Monday, 28 November 2016

The Book Of Ruth: “Whither Thou Goest, I Will Go. And, Where Thou Goest, I Will Lodge. Thy People Shall Be My People,. And Thy God, My God”.


Text and Illustrations from Wikipedia - the free encyclopaedia,
unless otherwise stated.


Illustration from
CHRIST MY COVENANT

Ruth (Hebrew: רוּת, Modern Rut Tiberian Rūθ), is the main character in The Book of Ruth in The Hebrew Bible.

Ruth was a Moabitess, who married into the Hebrew family of Elimelech and Naomi, whom she met when they left Bethlehem and relocated to Moab, due to a famine. Elimelech and his two sons died, leaving Naomi and her two daughters-in-law as widows.

When Naomi decided to return to Bethlehem, Ruth decided to go with her, despite the fact that Orpah, Naomi's other daughter-in-law, went back home.

Ruth famously vowed to follow Naomi in the following passage:


"  Entreat me not to leave thee,
   or to return from following after thee:

   for whither thou goest, I will go;
   and where thou lodgest, I will lodge:

   thy people shall be my people,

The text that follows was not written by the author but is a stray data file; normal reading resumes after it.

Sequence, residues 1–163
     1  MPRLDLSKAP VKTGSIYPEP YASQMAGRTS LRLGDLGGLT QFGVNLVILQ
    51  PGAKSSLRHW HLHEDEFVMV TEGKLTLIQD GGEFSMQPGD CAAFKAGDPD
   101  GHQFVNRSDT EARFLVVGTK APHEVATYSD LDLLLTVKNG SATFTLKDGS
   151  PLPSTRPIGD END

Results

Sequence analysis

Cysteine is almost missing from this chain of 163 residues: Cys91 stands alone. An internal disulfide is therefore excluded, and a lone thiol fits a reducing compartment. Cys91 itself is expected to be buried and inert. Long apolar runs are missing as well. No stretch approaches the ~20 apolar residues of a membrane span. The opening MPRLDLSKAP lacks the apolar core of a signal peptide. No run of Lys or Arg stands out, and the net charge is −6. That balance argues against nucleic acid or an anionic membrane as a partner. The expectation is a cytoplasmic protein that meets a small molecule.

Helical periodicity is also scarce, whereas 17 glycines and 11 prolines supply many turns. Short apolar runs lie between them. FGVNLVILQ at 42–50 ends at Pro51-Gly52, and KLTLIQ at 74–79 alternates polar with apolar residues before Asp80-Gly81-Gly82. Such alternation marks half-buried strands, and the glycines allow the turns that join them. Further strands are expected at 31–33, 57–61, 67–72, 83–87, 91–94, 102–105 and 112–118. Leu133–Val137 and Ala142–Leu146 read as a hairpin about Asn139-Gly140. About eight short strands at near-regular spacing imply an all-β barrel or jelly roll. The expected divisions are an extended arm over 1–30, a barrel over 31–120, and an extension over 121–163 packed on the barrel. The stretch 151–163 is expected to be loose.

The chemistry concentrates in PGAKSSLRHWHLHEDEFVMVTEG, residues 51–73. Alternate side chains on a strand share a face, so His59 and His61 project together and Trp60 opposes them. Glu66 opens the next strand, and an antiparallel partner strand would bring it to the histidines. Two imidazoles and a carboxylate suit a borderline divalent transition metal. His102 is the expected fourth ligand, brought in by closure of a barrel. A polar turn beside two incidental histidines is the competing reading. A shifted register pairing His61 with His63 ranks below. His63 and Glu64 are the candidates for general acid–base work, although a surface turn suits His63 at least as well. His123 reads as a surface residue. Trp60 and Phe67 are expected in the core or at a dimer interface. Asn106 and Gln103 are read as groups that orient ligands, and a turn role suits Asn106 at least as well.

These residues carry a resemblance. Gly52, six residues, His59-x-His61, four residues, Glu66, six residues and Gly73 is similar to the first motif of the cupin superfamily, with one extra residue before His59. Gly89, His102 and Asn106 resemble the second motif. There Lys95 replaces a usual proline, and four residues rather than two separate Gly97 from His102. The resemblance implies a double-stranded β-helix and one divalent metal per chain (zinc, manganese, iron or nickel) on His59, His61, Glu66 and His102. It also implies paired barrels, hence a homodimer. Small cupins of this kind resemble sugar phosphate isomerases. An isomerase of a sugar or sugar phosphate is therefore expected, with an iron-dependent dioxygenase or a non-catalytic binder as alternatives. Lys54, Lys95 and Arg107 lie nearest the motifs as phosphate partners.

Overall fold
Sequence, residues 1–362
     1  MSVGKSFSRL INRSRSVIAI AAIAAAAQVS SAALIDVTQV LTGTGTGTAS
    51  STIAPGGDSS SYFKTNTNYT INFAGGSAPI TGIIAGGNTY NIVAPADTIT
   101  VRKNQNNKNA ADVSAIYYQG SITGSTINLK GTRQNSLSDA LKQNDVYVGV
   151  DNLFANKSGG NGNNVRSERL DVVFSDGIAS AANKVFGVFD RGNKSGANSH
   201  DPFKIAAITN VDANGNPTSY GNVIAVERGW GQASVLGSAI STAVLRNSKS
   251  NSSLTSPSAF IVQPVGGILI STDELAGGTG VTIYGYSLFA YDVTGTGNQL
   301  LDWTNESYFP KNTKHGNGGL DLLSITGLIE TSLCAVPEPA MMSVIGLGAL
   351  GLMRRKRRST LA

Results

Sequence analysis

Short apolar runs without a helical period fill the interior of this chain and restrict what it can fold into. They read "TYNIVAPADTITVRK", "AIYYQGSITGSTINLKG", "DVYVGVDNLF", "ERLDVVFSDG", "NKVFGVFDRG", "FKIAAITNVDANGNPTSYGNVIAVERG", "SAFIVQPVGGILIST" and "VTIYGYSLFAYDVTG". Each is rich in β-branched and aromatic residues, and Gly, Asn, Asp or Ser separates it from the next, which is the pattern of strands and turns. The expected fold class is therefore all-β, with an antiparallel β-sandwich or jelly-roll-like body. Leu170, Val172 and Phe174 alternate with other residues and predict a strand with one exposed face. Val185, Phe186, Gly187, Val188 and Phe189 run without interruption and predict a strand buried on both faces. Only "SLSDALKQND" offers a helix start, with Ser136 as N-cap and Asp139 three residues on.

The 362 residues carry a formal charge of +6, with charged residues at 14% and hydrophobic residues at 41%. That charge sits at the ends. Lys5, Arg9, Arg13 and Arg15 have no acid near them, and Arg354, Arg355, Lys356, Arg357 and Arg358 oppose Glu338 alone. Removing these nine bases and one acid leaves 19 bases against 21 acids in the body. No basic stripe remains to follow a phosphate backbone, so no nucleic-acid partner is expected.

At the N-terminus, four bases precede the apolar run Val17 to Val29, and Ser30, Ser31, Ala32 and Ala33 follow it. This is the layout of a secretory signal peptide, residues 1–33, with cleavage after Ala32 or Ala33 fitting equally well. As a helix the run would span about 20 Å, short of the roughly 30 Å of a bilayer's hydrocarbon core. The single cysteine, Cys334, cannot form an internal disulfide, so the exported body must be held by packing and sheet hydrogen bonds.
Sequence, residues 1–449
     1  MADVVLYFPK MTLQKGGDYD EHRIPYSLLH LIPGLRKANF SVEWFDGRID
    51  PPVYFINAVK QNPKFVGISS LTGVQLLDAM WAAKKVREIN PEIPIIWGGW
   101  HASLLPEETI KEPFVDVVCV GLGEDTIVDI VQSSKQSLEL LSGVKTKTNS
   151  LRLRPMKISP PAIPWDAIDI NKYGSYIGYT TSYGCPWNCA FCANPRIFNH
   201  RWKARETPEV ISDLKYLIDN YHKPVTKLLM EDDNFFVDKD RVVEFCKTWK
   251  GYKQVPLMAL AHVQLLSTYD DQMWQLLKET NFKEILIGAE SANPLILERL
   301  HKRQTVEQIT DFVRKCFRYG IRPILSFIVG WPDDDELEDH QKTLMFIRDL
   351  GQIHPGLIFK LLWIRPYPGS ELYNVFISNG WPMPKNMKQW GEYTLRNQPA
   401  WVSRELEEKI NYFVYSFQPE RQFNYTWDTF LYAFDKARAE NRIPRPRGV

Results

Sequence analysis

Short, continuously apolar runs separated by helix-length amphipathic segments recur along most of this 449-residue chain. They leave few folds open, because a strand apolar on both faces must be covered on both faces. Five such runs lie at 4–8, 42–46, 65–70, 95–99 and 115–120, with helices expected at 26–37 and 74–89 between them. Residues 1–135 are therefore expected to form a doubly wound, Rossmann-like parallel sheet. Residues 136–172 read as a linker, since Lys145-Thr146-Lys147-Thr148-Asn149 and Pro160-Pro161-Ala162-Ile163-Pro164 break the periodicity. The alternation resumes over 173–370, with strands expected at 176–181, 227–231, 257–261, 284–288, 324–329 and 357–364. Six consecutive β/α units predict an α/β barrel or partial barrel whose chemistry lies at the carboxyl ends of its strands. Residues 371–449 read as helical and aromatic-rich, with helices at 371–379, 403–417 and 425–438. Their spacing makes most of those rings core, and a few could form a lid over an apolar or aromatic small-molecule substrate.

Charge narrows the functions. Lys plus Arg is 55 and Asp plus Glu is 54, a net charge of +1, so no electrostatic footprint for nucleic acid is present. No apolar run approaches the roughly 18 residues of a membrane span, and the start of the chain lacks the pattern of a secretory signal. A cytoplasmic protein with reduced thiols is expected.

and thy God my God:

   Where thou diest, will I die,
   and there will I be buried:

   the LORD do so to me, and more also,
   if ought but death part thee and me. "


   (Ruth 1:16-17, King James Version)



"Ruth in the Fields"
by Merle Hugues, 1876.
Illustration: BIBLE-PEOPLE



"Whither Thou Goest".
Sung by Perry Como.
Available on YouTube at

Ruth went to glean in the fields, where she met Boaz. At the instigation of Naomi, she forced Boaz to declare his intentions regarding Ruth by slipping into the threshing floor at night, uncovering his feet, and lying at his feet (Ruth 3:8), in the Mosaic tradition of having the nearest relative be the kinsman redeemer (Leviticus 25:25-55).

Boaz indicated his desire to marry her, and called Ruth a "woman of noble character". After overcoming the obstacle of having a relative with a stronger claim (per the Mosaic requirements in Deuteronomy 25:7-9), Boaz married Ruth, and they had a son, named Obed.

The genealogy, in the final Chapter of the Book, explains how Ruth became the Great-Grandmother of David: Boaz begot Obed, Obed begot Jesse and Jesse begot David (Ruth 4:17). She is also, thus, the ancestor of Joseph (husband of Mary and foster-father of Jesus), and is one of the five women mentioned in The Genealogy of Matthew (along with Tamar, Rahab, Bathsheba, and Mary).

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